Editor’s Note: This article was originally published on In Homeland Security.
By Dr. Jarrod Sadulski, Faculty Member, Criminal Justice, American Military University
As the coronavirus pandemic evolved, local health departments have been very proactive in contact tracing. Intended to slow the spread of the coronavirus, contact tracing involves identifying other people who may have been exposed once someone has a confirmed case of COVID-19.
According to the Centers for Disease Control and Prevention (CDC), contact tracing is designed to notify citizens of their potential exposure to the coronavirus and monitor the contacts of infected people. Contact tracing supports the quarantine of those who were in contact with someone infected with the coronavirus, and the Centers for Disease Control has promoted a significant expansion of staffing resources who can work as contact tracers.
Coronavirus Contact Tracing Scammers Using Technology to Fool Victims
While technology aids contact tracing to reduce the spread of COVID-19, the Better Business Bureau says that scammers and identity thieves have exploited legitimate contact tracing. The scams include unsolicited messages through texts, emails, and even social media messages that advise a victim that he or she has been exposed to someone who has a confirmed case of the coronavirus case. These scams commonly include a link to access additional information.
Due to coronavirus fears, victims open the link within these scam emails or messages. Similar to many other cyber attacks and identity theft scams, personal information is often stolen as a result.
Victims of this scam may provide personally identifying information such as Social Security numbers or dates of birth. The messages they receive are so convincing that victims believe they are communicating with a legitimate contact tracer through a local health department.
Robocalls Also Being Used by Coronavirus Scammers
The Better Business Bureau has also identified another scam that involves robocalls that claim to be a part of contact and tracing efforts associated with the coronavirus. Similarly, this scam tells the potential victim that they have been exposed to the coronavirus and provide the opportunity to speak with a “representative.”
When the scammer comes on the phone line, that scammer attempts to collect sensitive personal information that can be used in identity theft. Some of these scam artists may even ask for personal information associated with financial accounts.
Identifying a Legitimate Contact Tracer
Since legitimate contact tracers do commonly contact those that may have been exposed to coronavirus via phone, it is important to quickly and accurately confirm whether the call that you receive is legitimate or a scam.
Legitimate contact tracers will properly identify themselves and should say that they are a representative from the local health department or other official organization engaged in contact tracing. One of the best ways to confirm whether the call is legitimate is to advise the caller that you will verify that person’s identity by contacting the local health department or a specific official organization. Hanging up and placing a call to confirm the representative’s identity is the most effective way to avoid becoming a victim.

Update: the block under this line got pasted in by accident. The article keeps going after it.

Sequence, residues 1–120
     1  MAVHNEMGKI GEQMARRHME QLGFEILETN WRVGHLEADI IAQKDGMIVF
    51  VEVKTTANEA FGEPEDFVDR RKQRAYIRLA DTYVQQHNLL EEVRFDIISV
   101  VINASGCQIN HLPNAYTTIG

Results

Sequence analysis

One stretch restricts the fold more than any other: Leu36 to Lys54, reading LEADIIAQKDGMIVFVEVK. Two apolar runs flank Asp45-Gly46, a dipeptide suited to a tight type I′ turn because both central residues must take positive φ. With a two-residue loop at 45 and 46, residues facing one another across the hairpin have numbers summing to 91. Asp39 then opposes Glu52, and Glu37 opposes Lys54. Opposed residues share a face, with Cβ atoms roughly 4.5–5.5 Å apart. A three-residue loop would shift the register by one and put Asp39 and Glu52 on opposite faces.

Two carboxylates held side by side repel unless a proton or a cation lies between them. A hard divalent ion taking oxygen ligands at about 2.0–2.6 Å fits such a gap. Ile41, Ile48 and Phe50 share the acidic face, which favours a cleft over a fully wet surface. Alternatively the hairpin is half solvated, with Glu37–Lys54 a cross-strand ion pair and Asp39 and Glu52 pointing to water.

Legitimate contact tracers are likely to ask for basic information such as your name and address, recent travels, and medical history. However, legitimate representatives will never ask for bank account details.
Also, contact tracing is usually conducted by telephone. Any communication via email, text or social media should raise immediate concern of a scam.
Keep in mind that scammers will likely exploit every opportunity to obtain personally identifiable information. Taking the extra steps to confirm the identity of someone alleging to be a contact tracer can help you avoid becoming a victim of identity theft.
Also, be mindful of websites that offer to sell items known to be in short supply, such as hand sanitizers, disinfectants and masks. Some scammers have used fake websites to collect personal information and money under the guise of selling products that are sold out in most locations. Ideally, purchase these products from major name brand websites, rather than using unfamiliar websites.
About the Author: Dr. Jarrod Sadulski is an associate professor at American Military University. He has engaged in speaking engagements in the United States, Central America, and Europe on the topics of human trafficking, narcotics trafficking, police responses to domestic terrorism, and various topics in policing. Most recently, he presented at the 2019 International Human Trafficking Conference. His expertise includes infrastructure security, maritime security, homeland security contraband interdiction and intelligence gathering.